April 19, 2013, Grellas served a summons on New York Frankfurter, directing Schoop to appear on May
10, 2013 and to produce for examination documents relevant and material to the examination of the
federal income tax liability of New York Frankfurter. Grellas Decl. ¶ 4. On April 19, 2013, Agent
Grellas also issued a summons directing Schoop to appear on May 10, 2013, and to produce for
examination documents relevant and material to the examination of the federal income tax liability of
Schoop herself. Id. ¶¶ 12, 14. Schoop did not appear in response to either summons. Id. ¶¶ 5, 13.
On May 8, 2013, Grellas issued a summons to First American Title, seeking testimony and
documents relating to purchase and mortgage history of 343 Pioneer Way, Tahoe City, California,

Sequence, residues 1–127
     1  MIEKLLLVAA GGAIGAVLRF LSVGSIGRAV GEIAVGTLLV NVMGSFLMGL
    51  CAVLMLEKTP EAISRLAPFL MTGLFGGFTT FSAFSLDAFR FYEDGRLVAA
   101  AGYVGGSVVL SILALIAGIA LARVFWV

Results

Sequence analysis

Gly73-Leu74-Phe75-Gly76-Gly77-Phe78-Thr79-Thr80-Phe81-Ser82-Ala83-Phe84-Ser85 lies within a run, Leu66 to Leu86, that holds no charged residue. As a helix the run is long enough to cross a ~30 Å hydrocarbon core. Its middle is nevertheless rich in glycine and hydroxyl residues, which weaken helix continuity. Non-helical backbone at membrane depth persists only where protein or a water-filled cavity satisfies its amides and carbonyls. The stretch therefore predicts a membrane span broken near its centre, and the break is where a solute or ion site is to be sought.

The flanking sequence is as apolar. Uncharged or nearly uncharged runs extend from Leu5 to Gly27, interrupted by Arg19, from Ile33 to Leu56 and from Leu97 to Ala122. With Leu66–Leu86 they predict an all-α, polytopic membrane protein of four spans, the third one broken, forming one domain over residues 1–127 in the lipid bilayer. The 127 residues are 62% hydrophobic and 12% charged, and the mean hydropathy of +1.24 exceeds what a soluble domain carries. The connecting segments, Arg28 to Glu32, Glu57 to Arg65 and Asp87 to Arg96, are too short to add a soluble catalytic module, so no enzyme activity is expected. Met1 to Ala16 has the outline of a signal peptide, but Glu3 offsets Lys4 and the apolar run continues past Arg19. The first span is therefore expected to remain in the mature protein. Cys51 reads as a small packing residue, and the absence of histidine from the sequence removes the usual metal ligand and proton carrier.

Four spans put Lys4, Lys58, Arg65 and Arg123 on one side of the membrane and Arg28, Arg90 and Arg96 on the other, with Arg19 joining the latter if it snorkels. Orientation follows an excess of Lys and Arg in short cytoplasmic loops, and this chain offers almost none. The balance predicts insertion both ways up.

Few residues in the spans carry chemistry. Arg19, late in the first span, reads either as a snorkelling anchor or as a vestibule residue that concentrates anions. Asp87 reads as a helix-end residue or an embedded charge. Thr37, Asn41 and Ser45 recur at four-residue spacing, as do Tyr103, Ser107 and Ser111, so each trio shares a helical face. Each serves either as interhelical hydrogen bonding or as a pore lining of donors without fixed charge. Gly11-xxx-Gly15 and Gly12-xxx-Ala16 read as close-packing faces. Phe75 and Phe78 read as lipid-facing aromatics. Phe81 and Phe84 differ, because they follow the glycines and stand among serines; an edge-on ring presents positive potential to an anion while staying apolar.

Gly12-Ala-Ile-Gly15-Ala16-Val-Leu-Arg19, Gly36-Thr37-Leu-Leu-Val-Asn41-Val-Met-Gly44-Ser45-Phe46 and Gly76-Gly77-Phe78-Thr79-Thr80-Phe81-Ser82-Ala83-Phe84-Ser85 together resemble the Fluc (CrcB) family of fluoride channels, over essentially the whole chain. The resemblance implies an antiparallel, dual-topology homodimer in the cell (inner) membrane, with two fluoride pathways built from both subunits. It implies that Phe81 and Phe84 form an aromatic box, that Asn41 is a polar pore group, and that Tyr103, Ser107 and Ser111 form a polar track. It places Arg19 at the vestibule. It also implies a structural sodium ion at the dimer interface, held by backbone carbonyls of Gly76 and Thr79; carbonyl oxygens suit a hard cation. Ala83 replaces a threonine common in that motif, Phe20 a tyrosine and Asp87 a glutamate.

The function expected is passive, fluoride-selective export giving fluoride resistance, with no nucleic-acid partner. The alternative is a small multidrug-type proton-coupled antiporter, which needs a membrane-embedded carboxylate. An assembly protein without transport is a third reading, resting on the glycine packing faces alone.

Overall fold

purchased by Schoop in 2005. Mot. to Quash, p. 2 in Case No. 13-0223, Grellas Decl. ¶ 21. Grellas
stated that documents related to this purchase are relevant in conducting the examination of Schoop’s
federal income tax liability. Grellas Decl. ¶ 23. Grellas received a response to the summons from First
American Title by mail, but has not opened the mail envelope pending resolution of this summons
enforcement proceeding. Id. ¶ 22. Grellas stated all administrative steps required by the Internal
Revenue Code for issuance of the three summonses have been taken. Id. ¶¶ 10, 19, 26.

On May 16, 2013, plaintiffs filed the three “Civil Action - Motion to Quash Summons”
proceedings. Plaintiffs alleged that the information sought has already been obtained by the IRS and
that consequently the testimony of Schoop has no legitimate purpose. Mot. to Quash, p. 3; Ho Decl. ¶
4-6. Plaintiffs alleged that the IRS summons of Schoop is improper and should be quashed because it
fails to meet two of the four elements set fourth by the Supreme Court in U.S. v. Powell 379 U.S. 48,
57-58 (1964). Mot. to Quash, p. 3.

On July 12, 2013, the United States filed its motions to dismiss plaintiffs’ motions and to compel
compliance with the summonses. Docket No. 14 in Case Nos. 13-02230 and 13-02233; Docket No. 13